I could ramble for a long time about how exciting and catchy Asberry’s guitarwork is, because I’ve been humming various riffs from Sacred Rites & Black Magick around the house for a couple weeks already. Even the more stately and eerie moments are captivating, like the opening of “Apparitions Across the Ravencrest” with its opening riff rising and falling above the texture like a jagged line of craggy mountains in the distance. That song is an excellent example of another notable tool of the band’s fully-stocked arsenal: acoustic guitar. Asberry makes excellent use of it, both in featured moments like intro track “Hymns of the Slumbering Race” or the end of closer “A Malice Dead & Cold”, and as a layered folklike element that haunts sections of songs like “Apparitions”. That layering is a fresh idea that wasn’t in Under the Burning Eclipse, and it’s an extremely nice touch.
Of course, none of that guitar action is as impressive without strong performances around it and fitting production, and luckily Stormruler deliver handily on that front. Schobel does it all behind the kit, driving the war chariot with blasts, galloping into the fray with rolling double bass, and getting downright grotesque and groovy at various sharp to support Asberry’s solos and ruminations—start at the middle section of second single “Upon Frozen Shores”, for example, to hear a passage that runs the gamut from viciously pointed to evocative to quirkily restful over the course of a couple minutes(!) worth of time. The mix and master are notably better than Under the Burning Eclipse, and still hold the band’s most underrated feature—the audible, dynamic bass—in a place of importance. I’m very pleased by how subtle but clear that layered acoustic guitar is, too; its presence always notable but never forced above Asberry’s hoarse screams or the body of the electrics.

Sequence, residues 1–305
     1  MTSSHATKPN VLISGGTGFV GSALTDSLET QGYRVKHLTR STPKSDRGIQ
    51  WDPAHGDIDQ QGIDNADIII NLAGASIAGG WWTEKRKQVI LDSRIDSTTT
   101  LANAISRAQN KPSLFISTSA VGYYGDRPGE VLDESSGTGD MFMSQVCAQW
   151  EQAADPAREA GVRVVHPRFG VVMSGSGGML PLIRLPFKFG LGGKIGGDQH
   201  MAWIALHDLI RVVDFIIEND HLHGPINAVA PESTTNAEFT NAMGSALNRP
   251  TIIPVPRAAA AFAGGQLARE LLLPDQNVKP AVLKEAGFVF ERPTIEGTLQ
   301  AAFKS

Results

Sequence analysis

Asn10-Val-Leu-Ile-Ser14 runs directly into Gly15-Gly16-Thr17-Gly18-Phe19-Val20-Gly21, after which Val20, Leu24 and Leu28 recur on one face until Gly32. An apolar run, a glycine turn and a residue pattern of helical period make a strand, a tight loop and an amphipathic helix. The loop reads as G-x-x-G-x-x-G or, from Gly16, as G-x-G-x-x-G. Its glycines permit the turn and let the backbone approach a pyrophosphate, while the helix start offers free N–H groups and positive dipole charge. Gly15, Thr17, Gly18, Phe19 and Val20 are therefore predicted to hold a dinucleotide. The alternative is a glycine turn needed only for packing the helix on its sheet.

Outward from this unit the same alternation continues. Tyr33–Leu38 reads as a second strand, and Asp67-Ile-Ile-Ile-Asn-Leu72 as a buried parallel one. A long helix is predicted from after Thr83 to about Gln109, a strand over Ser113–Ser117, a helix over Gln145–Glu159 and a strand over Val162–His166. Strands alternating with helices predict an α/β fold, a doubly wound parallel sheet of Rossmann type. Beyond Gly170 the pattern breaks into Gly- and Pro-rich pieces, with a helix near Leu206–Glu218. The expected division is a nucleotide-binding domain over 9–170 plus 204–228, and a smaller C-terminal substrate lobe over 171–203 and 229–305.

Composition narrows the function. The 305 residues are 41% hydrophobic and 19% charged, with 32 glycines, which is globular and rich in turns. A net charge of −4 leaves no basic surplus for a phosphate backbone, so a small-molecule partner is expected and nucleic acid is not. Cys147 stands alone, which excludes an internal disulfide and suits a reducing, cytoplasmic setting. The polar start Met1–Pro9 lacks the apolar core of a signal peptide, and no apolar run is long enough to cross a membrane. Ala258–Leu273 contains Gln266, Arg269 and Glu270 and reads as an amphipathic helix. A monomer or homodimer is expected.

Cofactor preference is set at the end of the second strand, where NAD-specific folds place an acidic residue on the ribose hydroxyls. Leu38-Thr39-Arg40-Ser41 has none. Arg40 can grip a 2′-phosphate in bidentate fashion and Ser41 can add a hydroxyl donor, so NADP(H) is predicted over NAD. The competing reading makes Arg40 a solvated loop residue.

So let’s talk about the intro/interlude situation and its relationship to the album’s protracted runtime. Sacred Rites & Black Magick is well over 70 minutes long, but this is primarily because they’ve again chosen to put an intro or interlude between every song, meaning every odd-numbered track is essentially just a short dose of atmosphere. That adds up over time—in this case to 11 minutes and change. They mix them up stylistically, from straightforward guitar-based introductions and piano tunes to Summoning-esque dungeon synth to ambient soundscapes, so there’s plenty of variety. The issue is that they’re mostly unnecessary, at least to this writer’s ears; it’s not like they’re being used to introduce musical themes for the tracks that follow them. And, because they want each song to flow into the next interlude, they’ve chosen to end a number of main songs with a meh-inducing fade-out. Yes, the interludes add atmosphere, but the songs already create plenty of that fantasy atmosphere themselves, and little of consequence would be lost if you cut, say, eight of the ten. Keep the opener, repackage track 7 to just be part of track 8, and we’re golden.
THE BOTTOM LINE
If you loved Under the Burning Eclipse, there’s no question that you’re going to love Sacred Rites & Black Magick. Stormruler’s second offering is a powerhouse of high energy black metal warfare and sorcery, rife with the sort of riffs you’ll be singing to yourself for days on end. Despite my grumbling about interludes and runtime, this is an undeniably awesome record and a delightfully fresh listen that outdoes its predecessor.